Skip to main content

The Director's Cut: A Winged Victory For The Sullen - The Undivided Five

A Winged Victory For The Sullen break down the creative inspiration and process for each song on their new album 'The Undivided Five.'
A Winged Victory For The Sullen

A Winged Victory For The Sullen

Ambient music duo, A Winged Victory For The Sullen, consisting of Dustin O'Halloran and Adam Bryanbaum Wiltzie, released their third album this past Friday. Titled The Undivided Five, the band shows growth in their blissful and beautiful brand of ambient music, delivering a final shot into the night for this decade. The band have been doing plenty of press over the past week, but we asked them to break down the album, how it was made and the creative inspiration behind each song with a Director’s Cut feature. Wilzie speaks for the group on this feature.

In addition to album, the pair released a short documentary on the making of the album and announced some North American tour dates in 2020, which you can find on their website.

Get your copy of the album via Ninja Tune here.


Getting started is always the most taxing part of recording. We were in L.A. in Dustin’s studio, experimenting with chord changes. On breaks we were usually eating tacos and listening to Debussy. When listening to Claude’s chords you have to codify so you can tell the fractile differences. His inverted chords & parallel fifths will haunt our dreams forever. He was one of the many elephants in the room for this record.


This piece started as a little chord progression in D minor. I had sampled some Prophet 5 and Juno 60 paddy tones and made this (typical Adam process) Kontact patch made of analog garden mulch. Then ran it through Francesco’s 16-track 2inch tape machine. We then resampled it again and spat it out. That is the sound you hear at the beginning. It needed 2 stages of crappiness to get to the warm glowing glow.


This one is our token felt piano track on the recording. We used Dustin’s August Förster stand up in his Berlin studio, and some special felt that he procured from his time living in Italy. We DIY styled it and just used duck tape to stick pieces of felt to the soundboard hanging down in-between the hammers and the strings. Pure softness.


As we write this it is the only track we have ever recorded with a violin solo. It was by far the hardest track to finish; we progressed by feel and dead reckoning essentially. We tried to record the solo in 4 different locations, and even tried it on cello, as we started having doubts if the voices inside our heads were playing tricks on us.

Then two weeks before the mix started we tried one last time at the Beguinage church in Adam’s neighborhood in Brussels. The church acted as some otherworldly force of puffy cloud goodness.

Scroll to Continue

Recommended Articles

Perfect, done, move on!



These two pieces of music are the most personal for me. It was extremely difficult to let go of this one. Although they have two titles, it has always essentially been one song. Phantoms was something I was experimenting with for a while to have the drone morph into a complex orchestral chordal arrangement. It took a few different tracking sessions to get the layers of strings correct.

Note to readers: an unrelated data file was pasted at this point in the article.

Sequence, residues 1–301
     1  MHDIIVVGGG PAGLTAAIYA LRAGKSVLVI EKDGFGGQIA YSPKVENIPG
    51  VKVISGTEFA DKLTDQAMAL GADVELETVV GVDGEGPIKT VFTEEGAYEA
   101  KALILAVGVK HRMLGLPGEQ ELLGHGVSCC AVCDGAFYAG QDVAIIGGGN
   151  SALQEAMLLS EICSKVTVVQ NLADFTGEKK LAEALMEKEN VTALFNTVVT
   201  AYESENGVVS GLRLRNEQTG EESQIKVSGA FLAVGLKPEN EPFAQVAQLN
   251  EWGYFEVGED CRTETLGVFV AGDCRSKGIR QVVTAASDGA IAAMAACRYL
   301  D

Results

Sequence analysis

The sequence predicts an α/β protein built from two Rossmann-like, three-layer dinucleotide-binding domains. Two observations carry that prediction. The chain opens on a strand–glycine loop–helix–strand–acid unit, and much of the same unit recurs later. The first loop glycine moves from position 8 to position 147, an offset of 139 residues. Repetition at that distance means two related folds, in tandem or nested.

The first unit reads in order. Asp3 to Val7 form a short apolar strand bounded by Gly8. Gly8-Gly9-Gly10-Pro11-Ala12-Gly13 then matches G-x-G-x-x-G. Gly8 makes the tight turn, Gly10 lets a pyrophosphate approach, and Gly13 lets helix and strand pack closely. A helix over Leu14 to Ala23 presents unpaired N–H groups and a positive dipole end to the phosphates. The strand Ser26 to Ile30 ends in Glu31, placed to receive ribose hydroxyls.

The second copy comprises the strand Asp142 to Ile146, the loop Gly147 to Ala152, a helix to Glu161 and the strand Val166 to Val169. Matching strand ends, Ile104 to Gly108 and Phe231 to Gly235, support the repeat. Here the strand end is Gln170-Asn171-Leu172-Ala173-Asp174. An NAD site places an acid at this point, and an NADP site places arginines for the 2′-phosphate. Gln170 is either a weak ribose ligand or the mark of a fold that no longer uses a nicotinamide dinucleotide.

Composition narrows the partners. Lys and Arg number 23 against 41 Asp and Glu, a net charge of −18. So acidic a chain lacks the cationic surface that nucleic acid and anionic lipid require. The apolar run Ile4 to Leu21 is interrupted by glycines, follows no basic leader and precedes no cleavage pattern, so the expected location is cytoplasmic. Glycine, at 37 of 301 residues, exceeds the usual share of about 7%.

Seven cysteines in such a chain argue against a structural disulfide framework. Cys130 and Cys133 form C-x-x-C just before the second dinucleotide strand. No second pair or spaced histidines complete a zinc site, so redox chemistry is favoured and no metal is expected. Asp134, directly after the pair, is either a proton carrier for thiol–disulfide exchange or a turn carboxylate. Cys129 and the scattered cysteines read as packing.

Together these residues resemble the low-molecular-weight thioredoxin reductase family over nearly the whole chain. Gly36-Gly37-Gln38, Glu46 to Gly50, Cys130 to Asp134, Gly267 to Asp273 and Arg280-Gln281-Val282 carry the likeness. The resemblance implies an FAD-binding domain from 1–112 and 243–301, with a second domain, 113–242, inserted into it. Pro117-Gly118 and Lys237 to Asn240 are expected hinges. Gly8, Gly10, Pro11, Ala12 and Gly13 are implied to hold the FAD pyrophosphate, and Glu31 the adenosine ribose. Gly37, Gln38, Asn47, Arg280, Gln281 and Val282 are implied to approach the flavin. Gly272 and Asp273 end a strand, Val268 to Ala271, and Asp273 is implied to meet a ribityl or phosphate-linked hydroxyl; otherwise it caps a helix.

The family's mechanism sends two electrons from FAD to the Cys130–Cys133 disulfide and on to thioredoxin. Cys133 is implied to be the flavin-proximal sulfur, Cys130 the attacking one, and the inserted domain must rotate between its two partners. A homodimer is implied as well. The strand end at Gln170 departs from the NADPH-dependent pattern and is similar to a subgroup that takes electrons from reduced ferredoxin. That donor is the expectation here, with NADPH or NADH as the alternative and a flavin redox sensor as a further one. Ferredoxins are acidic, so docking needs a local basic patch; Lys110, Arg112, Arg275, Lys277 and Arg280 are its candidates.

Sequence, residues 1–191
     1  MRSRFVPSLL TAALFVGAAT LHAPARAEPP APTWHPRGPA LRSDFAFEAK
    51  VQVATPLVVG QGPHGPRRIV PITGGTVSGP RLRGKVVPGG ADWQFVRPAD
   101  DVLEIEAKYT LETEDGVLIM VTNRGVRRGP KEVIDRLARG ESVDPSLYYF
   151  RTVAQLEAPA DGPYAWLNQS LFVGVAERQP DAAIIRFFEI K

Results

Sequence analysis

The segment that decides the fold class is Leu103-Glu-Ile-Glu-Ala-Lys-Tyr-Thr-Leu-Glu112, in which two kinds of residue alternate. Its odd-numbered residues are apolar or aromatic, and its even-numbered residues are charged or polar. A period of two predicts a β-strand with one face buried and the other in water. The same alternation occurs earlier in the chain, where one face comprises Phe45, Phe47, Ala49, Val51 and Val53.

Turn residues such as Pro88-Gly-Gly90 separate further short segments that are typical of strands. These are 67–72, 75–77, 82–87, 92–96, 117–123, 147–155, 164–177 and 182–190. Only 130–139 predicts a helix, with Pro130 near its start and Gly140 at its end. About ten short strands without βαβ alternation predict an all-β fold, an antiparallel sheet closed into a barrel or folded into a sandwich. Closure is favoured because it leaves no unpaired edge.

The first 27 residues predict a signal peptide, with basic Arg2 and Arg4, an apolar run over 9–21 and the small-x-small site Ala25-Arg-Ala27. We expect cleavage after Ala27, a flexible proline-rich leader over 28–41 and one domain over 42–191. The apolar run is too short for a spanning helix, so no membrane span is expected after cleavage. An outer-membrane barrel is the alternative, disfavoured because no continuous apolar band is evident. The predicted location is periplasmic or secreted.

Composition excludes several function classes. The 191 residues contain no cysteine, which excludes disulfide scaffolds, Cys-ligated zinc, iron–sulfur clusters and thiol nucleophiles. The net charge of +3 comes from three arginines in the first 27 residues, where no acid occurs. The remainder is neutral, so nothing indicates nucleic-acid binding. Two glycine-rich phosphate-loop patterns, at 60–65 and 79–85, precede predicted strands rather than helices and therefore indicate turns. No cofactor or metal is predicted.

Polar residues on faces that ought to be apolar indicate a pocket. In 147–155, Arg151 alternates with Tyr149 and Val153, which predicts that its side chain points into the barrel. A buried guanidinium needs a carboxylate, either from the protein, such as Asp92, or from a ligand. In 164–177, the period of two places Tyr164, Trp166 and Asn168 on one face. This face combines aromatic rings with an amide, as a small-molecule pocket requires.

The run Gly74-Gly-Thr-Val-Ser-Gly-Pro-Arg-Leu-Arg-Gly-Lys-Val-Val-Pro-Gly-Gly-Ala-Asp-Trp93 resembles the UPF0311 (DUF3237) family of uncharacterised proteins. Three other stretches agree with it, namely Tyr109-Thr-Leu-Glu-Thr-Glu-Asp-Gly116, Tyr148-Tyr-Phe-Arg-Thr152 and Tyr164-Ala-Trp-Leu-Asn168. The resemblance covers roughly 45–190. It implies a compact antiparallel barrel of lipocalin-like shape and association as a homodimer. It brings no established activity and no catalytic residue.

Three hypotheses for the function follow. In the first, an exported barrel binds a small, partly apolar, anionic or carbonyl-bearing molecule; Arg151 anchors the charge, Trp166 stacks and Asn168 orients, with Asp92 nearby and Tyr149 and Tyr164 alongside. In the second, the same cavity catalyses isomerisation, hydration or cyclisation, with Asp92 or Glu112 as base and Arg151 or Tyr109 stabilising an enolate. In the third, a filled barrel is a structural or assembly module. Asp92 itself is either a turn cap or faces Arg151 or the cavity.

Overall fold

The large string ensemble sessions were done in a series of overdubs so we could have more control in the mix, as traditional music of this nature is done in one pass. We also brought down some microphones from our own studios, using Coles 4038 ribbon mics as a kind of alternative Decca Tree (spaced microphone array most commonly used for orchestral recording) and a set of old water cooler bottles with microphones dangling inside.


For this track we recruited the help of two of Los Angeles’ finest, Bryan Senti on the broken textured violin solo and Christopher Wray expanding further on his Ghost Lolita Modular Synth textures. This one was a slow burn to its final destination and was recorded in almost 4 different countries. Sometimes in order to make breakthroughs, we need to empower our best friends to help us find our own voice.


The song title sort of preceded the music in a sense. We were looking to create some melodic palettes with some simple but different analog sounds.

We were fortunate to procure 2 vintage and extremely overpriced synthesizers. A Korg PS-3100, a Roland Jupiter 8, and Dustin has a vintage Prophet 5 in his studio,

then suddenly we did something we almost never do, we started jamming? Jamming has become sort of an icky word in these “we are serious composer times,” but on this particular occasion and with the randomness of the sounds that were coming out of the machines it lead to something we were both quite pleased with. In the end it turned out to be a valid stylization, as we found a way to anchor it within the context of the sound of the record.

Obviously the second half of the song takes a big swing in the direction of the large string ensemble, but as things go with composing music, sometimes, “improvisational jams need company.”

Keep It Dark, Deutschland

AWVFTS was born out of foggy nights, and Italian espresso sessions in Dustin’s old dilapidated apartment in Friedrichshain in East Berlin. After living in Berlin for 10 years it was time to say goodbye. An incredibly rich creative time as well as some of the most depressing times of life, but it seemed to suit the purpose. And this melody was born out of that time, so sit back, put yer trotters up and relax to the sound of a beautifully recorded Fazioli piano from our session in Udine, Italy.

Related Content